Saturday, 11 February 2012

Review: Pegi Young & The Survivors

Pegi Young & The Survivors - Bracing For Impact (Vapor Records)
I wonder if living with, and being married to Neil Young, who has an immense pedigree, stretching back over five decades, is a help or hindrance when it comes to taking your own musical journey. I’m a huge fan of Neil Young, ever since the Buffalo Springfield days. I’ve liked most of his output in whatever guise, with whatever band. I even have an autographed framed photo of the man in full guitar mode, entitled 'Hey Hey My My', on my landing. So, here’s his wife, on her third album, and how much help has he given her? Too much (impossible!), or not enough?

At first, I was a little disappointed to find what I consider a complete absence of any overt Neil influence. By that I mean this is definitely a Pegi Young album, and not his at all, and I honestly found it hard to stick with. She’s not blessed with the most powerful of voices, and it does take some getting used to. But that was just a first listen, and I’ve learnt to give some albums breathing space, and this one needed exactly that. Second time around, I heard it in a whole new way. Her voice isn’t the strongest, but she brings to the lyrics a beguiling charm, especially if you listen with just a tad more energy yourself. As for Neil, well he's in the backseat, and definitely not trying to drive. Even though he wrote one of the songs ("Doghouse", which for me is the worst number on the album), and contributed harmonica and guitar, and some background vocals, too. Sure, the immense guitar solo on "No Heartbeat Sounds" might have been Neil (it isn't), and this tells you that her handpicked band that make up The Survivors are a crack outfit. There's not a bum note to be found on the record.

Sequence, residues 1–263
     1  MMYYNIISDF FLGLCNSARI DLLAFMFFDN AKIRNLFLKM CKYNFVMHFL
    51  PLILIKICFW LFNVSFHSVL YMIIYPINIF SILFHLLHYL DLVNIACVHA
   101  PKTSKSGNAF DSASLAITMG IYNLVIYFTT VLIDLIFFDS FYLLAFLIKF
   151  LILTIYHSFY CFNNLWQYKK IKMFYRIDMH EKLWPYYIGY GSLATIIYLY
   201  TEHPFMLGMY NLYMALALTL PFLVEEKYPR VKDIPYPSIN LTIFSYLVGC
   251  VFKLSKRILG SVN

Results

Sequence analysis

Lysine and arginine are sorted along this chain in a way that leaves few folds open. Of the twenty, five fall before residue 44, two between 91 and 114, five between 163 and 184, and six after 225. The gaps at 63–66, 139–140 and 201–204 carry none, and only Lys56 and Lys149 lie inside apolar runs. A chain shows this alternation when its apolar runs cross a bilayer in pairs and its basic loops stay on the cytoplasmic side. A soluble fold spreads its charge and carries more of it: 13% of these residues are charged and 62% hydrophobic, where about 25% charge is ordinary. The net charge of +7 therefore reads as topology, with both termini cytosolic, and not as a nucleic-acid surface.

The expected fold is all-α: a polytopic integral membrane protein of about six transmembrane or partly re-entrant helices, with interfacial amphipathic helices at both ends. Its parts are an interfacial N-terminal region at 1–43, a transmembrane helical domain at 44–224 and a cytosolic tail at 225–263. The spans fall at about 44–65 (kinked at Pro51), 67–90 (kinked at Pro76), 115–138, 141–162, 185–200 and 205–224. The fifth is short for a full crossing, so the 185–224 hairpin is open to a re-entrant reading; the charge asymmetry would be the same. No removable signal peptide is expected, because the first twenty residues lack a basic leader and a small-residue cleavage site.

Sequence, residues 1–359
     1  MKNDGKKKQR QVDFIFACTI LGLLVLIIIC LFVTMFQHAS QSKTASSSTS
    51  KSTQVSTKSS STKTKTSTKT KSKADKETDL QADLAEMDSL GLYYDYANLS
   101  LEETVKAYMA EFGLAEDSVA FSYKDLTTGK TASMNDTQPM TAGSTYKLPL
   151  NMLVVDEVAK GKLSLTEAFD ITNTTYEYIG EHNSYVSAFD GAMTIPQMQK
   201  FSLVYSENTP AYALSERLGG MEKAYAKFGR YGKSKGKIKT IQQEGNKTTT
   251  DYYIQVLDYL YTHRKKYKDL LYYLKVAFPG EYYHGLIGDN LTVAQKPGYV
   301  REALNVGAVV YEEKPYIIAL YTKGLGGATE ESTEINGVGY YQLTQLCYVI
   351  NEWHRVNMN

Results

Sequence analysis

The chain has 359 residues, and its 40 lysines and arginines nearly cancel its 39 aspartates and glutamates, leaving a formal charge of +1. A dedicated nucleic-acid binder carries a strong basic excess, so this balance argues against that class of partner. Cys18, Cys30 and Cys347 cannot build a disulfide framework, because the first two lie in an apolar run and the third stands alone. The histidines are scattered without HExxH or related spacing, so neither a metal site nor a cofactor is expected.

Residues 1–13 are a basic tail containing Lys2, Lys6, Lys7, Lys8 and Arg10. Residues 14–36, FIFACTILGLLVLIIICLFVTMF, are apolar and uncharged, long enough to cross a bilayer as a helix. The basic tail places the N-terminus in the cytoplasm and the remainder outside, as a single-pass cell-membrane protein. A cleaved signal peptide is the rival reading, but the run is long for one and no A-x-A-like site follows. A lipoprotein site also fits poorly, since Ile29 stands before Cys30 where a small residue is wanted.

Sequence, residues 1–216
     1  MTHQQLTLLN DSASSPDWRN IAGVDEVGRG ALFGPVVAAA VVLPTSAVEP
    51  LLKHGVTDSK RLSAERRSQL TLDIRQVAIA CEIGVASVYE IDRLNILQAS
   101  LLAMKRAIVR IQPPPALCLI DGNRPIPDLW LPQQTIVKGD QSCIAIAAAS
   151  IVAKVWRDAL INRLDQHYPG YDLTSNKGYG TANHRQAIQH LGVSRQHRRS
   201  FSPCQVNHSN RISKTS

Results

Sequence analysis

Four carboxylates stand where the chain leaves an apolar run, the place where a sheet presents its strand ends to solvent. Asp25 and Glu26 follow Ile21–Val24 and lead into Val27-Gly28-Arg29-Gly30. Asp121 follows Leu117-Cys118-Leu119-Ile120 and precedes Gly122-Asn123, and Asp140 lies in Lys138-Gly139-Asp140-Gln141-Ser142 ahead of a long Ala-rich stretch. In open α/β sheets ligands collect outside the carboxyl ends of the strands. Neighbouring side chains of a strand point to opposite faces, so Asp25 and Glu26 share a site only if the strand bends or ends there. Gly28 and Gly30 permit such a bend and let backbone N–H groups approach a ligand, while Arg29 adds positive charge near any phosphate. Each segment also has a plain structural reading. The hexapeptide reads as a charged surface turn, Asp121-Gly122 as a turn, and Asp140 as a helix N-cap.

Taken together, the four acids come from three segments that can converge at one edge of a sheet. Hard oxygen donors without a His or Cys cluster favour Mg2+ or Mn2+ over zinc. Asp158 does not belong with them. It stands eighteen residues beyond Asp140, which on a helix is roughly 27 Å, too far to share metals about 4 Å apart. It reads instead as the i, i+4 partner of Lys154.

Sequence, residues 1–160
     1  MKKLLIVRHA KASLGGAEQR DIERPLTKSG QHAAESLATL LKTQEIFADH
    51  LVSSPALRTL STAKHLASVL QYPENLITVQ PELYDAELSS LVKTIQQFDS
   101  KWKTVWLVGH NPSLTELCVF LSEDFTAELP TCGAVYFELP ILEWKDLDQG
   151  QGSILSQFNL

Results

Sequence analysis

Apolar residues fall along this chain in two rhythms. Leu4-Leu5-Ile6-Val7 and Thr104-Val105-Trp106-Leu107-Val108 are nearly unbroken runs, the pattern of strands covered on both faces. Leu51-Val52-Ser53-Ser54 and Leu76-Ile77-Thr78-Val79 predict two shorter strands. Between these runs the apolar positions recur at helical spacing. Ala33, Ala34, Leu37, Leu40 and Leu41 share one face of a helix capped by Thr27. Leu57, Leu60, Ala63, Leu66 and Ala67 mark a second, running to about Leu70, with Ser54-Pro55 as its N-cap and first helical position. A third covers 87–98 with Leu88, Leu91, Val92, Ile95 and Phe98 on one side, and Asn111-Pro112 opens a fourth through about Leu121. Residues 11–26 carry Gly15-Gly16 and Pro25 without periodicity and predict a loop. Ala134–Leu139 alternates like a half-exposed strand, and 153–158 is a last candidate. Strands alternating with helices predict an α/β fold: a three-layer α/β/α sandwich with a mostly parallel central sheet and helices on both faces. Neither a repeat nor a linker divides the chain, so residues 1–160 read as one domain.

The material is high quality too. Eight are self penned - "Med Line" and "Trouble In A Bottle" are the pick of a pretty strong, and varied, bunch - and a cover of Danny Whitten's classic, beautiful "I Don't Want To Talk About It" is superb in both choice and execution. Tarheel Slim's "Number 9 Train" is nicely done, if not actually close to being great. That leaves the aforementioned "Doghouse", which is almost a novelty tune. Get the album for the other ten tracks.
Kev A.

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